While the Derry Fire Department and the state Fire Marshal’s Office investigated a woman’s death in a fire Thursday night, July 16, on Route 28 Bypass, Derry residents are questioning whether the death could have been prevented by proper staffing and the presence of the former Hampstead Road Fire Station.
But Fire Chief Michael Gagnon said Friday that in his professional opinion, while the department was short-staffed, the outcome would have been the same.
“I think the outcome would have been the same and I don’t think the shortage of staff contributed to her death,” Gagnon said in a phone interview Friday morning.
Gagnon said he is operating on a staff of 12 per shift, down from the 14 he had before the budget cuts. He had 10 people available to respond immediately. “Two others were on an ambulance call for mutual aid,” he said. “They received the call at the Hudson/Londonderry line.
“We put what resources we had on the scene,” Gagnon said. While they were “hampered” by a smaller staff, he said, it was his professional opinion, given the facts, that the woman’s death could not have been prevented.
According to a press release by Battalion Chief Scott Haggert, the department received a 9-1-1 call at approximately 10:05 p.m. regarding the fire at 157 Bypass 28.
Engines 3, 1 and 2 and Car 1 were dispatched simultaneously from their stations. The fatal fire investigation conducted by Derry Police Chief Edward Garone, Gagnon and State Fire Marshal J. William Degnan noted Friday that Engine 3 from the English Range Road station was first on scene at 10:08 p.m.
Medic 1 arrived later, according to Haggert, as it was out of town responding to another call.
Haggert wrote that Truck 4 was not available due to staffing reductions.
The two residents were reported as not capable of self-rescue and the department requested a mutual aid ambulance and engine. The first crews responding noticed smoke on the second floor, with people still in the house. The engine company and two Derry police officers removed one resident from the first floor, according to Haggert.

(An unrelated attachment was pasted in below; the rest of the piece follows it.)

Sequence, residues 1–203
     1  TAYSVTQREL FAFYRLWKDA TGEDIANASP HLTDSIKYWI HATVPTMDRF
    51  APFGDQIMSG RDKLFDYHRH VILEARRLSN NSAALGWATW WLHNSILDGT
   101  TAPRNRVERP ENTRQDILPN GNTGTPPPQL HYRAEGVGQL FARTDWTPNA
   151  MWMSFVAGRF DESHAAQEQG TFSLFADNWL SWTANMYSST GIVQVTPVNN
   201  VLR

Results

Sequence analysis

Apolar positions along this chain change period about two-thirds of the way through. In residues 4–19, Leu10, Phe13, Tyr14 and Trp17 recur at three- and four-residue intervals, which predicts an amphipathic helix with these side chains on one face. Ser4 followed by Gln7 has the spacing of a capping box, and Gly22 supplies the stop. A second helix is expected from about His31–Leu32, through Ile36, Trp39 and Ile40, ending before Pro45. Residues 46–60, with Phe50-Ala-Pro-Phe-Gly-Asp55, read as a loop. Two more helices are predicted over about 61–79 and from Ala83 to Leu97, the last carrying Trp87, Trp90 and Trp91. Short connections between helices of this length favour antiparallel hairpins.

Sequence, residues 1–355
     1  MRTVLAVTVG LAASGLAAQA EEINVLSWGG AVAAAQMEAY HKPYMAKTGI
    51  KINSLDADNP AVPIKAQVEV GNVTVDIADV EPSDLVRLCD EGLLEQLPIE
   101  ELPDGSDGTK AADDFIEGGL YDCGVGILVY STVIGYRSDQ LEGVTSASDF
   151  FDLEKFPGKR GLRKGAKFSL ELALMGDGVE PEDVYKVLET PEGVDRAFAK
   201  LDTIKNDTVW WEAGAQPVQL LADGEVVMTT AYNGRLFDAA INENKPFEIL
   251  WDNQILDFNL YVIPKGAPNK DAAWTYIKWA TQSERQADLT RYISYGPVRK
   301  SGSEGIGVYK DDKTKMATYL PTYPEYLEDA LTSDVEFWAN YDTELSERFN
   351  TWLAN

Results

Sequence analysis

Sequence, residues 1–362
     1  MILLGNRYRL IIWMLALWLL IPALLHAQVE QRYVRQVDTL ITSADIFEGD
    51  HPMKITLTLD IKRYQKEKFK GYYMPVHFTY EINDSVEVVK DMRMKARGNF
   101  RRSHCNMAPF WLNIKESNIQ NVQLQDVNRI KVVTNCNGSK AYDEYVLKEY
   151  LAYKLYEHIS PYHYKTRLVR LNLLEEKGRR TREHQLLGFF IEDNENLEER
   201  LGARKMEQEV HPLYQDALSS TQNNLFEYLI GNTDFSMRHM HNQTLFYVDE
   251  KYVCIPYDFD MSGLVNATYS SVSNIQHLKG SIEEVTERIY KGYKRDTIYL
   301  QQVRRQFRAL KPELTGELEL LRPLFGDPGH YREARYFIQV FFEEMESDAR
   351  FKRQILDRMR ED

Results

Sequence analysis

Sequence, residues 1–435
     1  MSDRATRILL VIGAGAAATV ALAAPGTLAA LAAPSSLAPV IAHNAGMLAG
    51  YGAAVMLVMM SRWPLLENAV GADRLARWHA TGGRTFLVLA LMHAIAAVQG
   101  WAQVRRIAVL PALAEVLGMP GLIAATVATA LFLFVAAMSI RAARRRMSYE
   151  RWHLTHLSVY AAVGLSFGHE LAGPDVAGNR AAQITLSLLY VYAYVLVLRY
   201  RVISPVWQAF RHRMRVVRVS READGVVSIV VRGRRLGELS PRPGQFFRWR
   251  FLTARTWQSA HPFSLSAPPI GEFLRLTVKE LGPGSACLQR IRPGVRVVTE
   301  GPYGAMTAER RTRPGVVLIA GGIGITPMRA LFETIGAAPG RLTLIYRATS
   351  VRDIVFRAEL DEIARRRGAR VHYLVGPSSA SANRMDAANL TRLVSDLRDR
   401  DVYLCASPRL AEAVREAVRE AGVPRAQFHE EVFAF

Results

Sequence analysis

A second engine company arrived and assisted with fire extinguishing, search and ventilation. The crews located an unresponsive victim on the second floor and with difficulty, were able to remove her. They began CPR (cardiopulmonary resuscitation) while waiting for the medic crew to arrive, and that crew took over resuscitation efforts when it reached the scene.
Haggert wrote that rescue was made difficult due to “hoarding conditions” of the residents.
Firefighters were unable to resuscitate the woman, who was identified as Arlene M. Evens, 62. Her cause of death was determined to be smoke inhalation.
The male was transported to Parkland Medical Center by a Londonderry ambulance.
Haggert wrote that the building sustained smoke and fire damage to the second floor of the left side of the duplex.
Mutual aid was provided by Londonderry, Windham, Auburn, Chester, Manchester and Hampstead. An additional medical call was handled by mutual aid during the fire, according to Haggert.
The Red Cross was asked to assist with housing the male survivor. The Derry Salvation Army provided rehabilitation services to the responders at the scene.
A press release sent out Friday afternoon by the state Fire Marshal’s Office stated that the fire was determined to be accidental in nature and the result of smoking materials in proximity to medical oxygen.